Actually, I’ll name one name of my responders, Terrence Karran, who presented insights from his brilliant study, with Lucy Mallinson, on “Academic Freedom in the UK”. Commissioned by the University and College Union in 2016, the wide-ranging study found that an overwhelming majority of respondents agreed that academic freedom within their institutions had declined in recent years, with “commercialization” and metrics driven assessment regimes like the REF, being identified as the cause.
Furthermore, bullying, psychological pressure and self-censorship are all too commonplace within higher education institutions that are supposed to encourage their staff to pursue teaching and learning within an academic environment typified by the tolerance of others’ opinion and beliefs, and freedom of expression, Karran and Mallinson found.
These victims of bullying are less likely to be the disgruntled academic “edgelords” unable to promote their reactionary views, like Jordan Peterson, for example, than the proletarianised masses of researchers and teachers under relentless pressure to deliver research funding income, 5* papers, bestselling books, first-class grades for every student, 100% student satisfaction scores and graduate employment outcomes.
Education as a Way of Life
As I argue in my new book, The Method of Democracy (apologies for my academic pelotonry – see Composting Richard Hall), the conditions inside universities today more closely resemble teaching factories than ivory towers.
Taking Taylorist rationalisation techniques to extremes that Mike Ashley could only dream of, a new generation of UK university CEOs (yeah you heard right), egged on by the Tories, are reimagining higher education institutions as multi-national corporations producing education and research commodities for a competitive global market.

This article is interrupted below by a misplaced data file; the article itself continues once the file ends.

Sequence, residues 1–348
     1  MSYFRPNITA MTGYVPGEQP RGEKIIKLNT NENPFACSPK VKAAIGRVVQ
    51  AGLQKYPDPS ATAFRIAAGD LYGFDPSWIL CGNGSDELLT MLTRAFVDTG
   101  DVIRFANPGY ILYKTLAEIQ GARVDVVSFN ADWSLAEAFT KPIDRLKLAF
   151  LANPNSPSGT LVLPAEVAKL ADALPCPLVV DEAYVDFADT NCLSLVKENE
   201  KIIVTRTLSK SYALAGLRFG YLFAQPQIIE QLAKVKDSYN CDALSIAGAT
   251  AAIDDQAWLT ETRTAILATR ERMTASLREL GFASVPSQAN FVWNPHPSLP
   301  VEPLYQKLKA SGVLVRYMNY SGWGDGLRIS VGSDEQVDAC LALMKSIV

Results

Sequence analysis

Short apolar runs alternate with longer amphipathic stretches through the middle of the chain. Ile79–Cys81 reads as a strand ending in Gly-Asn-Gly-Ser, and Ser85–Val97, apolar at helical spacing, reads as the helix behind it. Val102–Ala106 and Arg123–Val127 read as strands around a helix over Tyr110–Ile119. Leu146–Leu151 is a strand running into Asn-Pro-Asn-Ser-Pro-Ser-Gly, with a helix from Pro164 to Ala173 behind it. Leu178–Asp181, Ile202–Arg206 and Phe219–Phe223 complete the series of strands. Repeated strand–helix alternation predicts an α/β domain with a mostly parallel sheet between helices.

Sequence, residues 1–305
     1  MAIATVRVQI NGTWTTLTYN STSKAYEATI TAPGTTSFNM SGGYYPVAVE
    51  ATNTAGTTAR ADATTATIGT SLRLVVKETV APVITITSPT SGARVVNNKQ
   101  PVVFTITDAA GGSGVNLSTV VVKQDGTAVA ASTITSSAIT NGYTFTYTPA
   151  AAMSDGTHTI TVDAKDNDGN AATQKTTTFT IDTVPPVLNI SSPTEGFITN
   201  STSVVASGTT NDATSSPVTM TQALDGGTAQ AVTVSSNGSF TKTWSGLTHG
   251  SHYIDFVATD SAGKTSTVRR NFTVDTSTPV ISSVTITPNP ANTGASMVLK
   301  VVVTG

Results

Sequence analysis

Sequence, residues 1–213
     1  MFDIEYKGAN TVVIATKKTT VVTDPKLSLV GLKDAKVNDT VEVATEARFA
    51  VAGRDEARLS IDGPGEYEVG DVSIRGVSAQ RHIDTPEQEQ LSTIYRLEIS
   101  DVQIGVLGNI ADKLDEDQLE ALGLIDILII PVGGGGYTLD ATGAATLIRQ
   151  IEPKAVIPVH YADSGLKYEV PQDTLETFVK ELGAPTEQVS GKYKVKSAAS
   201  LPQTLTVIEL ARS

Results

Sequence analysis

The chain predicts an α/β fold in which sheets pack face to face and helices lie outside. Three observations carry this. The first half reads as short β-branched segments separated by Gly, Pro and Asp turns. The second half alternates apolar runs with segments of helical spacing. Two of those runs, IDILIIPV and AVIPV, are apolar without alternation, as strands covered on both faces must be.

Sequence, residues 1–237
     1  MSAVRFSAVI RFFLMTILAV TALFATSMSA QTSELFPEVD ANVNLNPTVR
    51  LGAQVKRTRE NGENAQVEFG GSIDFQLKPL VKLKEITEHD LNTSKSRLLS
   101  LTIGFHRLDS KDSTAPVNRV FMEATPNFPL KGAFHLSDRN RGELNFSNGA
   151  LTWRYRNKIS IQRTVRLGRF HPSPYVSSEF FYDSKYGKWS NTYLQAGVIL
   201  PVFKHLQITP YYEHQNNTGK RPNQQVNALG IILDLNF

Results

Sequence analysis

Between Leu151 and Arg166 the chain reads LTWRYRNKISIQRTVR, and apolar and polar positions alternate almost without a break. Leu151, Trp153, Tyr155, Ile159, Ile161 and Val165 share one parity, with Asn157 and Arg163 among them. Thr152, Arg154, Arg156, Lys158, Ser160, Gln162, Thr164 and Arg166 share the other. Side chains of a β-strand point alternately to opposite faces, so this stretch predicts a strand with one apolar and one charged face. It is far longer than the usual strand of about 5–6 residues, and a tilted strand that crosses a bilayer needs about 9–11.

The point is, academic freedom, if it still exists at all, is under attack from all directions, from outside and inside the university.
Understandably, academics feel like the walls are closing in. Their instinctual reaction is to defend academic freedom, drawing on historic conventions like professional autonomy, self-governance, tenure, public goods, and so on. But I think this is the wrong move, is self-defeating and plays right into the hands of the marketisers, right-wingers and neo-fascists.
If academics want to save academic freedom, then they need to fight alongside the public against privatization, restoration neoliberalism and rising neo-fascism. They need to open up practices, methods and technologies of inquiry (including the university itself) to the public and build with those suffering and already fighting a new form of collective intelligence. Only then will we have real freedom and democracy for all.